Handbook of Neurochemistry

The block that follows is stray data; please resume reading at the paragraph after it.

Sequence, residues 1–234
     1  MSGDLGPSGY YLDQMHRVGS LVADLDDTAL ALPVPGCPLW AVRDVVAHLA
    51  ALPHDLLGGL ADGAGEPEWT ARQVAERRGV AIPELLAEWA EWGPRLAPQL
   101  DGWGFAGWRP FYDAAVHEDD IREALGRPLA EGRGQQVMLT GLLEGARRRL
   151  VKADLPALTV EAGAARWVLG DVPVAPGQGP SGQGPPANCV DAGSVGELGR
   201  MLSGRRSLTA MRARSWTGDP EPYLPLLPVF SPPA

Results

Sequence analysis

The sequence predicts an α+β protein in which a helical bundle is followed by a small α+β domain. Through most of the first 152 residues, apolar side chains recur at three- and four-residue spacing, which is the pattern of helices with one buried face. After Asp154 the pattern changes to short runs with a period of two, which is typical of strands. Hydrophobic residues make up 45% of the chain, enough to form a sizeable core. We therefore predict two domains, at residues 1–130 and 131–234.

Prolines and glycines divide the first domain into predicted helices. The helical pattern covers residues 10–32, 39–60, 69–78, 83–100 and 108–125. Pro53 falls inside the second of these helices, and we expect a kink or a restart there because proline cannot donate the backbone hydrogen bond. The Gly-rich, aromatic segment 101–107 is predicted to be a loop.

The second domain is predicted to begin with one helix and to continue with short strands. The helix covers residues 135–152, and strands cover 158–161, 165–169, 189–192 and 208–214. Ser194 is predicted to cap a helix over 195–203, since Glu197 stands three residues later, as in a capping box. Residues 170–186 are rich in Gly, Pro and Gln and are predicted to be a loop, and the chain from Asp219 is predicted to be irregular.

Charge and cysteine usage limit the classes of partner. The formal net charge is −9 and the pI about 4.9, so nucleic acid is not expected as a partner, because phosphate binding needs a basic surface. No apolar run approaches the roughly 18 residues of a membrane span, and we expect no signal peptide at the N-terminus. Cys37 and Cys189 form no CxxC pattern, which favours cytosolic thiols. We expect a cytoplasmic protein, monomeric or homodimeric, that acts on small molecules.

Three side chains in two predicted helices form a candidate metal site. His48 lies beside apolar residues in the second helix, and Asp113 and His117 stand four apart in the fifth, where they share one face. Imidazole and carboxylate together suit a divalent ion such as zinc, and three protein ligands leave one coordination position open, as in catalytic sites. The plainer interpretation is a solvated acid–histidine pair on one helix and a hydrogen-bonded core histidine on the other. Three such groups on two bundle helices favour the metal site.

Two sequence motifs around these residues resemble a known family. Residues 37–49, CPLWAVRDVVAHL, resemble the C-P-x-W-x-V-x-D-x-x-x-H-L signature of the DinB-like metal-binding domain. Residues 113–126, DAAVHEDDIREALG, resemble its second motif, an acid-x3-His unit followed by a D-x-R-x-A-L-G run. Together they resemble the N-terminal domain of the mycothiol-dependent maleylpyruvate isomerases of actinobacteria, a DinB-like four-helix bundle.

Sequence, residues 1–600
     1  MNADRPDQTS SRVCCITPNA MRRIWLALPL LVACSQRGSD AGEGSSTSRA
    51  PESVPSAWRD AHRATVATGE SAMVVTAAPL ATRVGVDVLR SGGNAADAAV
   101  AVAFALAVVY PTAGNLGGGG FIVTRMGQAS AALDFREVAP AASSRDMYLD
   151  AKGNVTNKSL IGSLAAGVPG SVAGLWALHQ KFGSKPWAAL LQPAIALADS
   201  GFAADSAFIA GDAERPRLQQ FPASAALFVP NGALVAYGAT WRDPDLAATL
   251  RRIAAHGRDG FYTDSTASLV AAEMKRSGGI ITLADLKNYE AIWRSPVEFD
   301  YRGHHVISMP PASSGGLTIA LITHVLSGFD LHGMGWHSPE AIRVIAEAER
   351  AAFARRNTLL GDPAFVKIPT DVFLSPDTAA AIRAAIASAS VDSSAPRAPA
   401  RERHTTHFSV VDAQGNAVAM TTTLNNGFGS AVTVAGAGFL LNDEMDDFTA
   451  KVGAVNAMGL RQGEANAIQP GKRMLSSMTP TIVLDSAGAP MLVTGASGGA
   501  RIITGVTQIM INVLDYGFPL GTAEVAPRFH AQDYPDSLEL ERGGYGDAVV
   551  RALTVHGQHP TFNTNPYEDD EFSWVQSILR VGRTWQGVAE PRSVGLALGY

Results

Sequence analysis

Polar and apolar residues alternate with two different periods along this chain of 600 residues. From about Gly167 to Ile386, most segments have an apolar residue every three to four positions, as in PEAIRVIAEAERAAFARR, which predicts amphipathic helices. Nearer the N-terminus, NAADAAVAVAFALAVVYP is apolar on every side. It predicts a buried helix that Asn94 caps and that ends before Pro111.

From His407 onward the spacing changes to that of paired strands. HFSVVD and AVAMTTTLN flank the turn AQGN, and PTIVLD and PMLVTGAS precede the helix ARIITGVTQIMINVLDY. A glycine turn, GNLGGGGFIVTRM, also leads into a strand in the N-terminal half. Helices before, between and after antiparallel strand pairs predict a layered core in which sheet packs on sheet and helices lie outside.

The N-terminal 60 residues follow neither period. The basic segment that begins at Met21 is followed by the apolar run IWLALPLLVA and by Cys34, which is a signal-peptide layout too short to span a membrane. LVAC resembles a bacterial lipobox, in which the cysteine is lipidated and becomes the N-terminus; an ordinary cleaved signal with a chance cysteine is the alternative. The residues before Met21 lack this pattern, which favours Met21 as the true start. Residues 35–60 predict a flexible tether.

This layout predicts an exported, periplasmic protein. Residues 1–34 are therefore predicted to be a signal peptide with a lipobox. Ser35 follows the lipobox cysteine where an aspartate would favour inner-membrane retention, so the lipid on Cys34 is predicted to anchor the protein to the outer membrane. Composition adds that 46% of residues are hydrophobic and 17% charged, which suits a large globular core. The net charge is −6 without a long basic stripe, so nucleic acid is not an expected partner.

This volume is concerned with the enzymes of the nervous system. Cerebral enzymes form the basis of the functional brain. They are needed for the control of the energetics of the nervous system, whether it be their release or their direction; for the elaboration of transmitters and for their destruction; for the synthesis, transport, and breakdown of all metabolites of the nervous system. They are indispensable for the control of the multitude of factors that govern our thinking and our behavior. They make it possible for us to comprehend what is taking place around us and perhaps to understand what may be in store for us. Enzymes are the stuff of life, and no living cell can be without them. They are the results of many millions of years of evolution, from the time when biological membranes first came into being and were folded to produce the first cells within which the earliest enzymes were wrought. Countless changes have taken place within them, so that, now, only those enzymes exist that play specific roles in the functions of the living cells of today. Those in the nervous system possess a mUltiple role: in the creation, maintenance, and ultimate breakdown of the component cells and in enabling consciousness, perception, memory, and thought to become possible. But though life may go on forever, the enzymes that make life possible will undergo the many changes involved in the evolutionary process.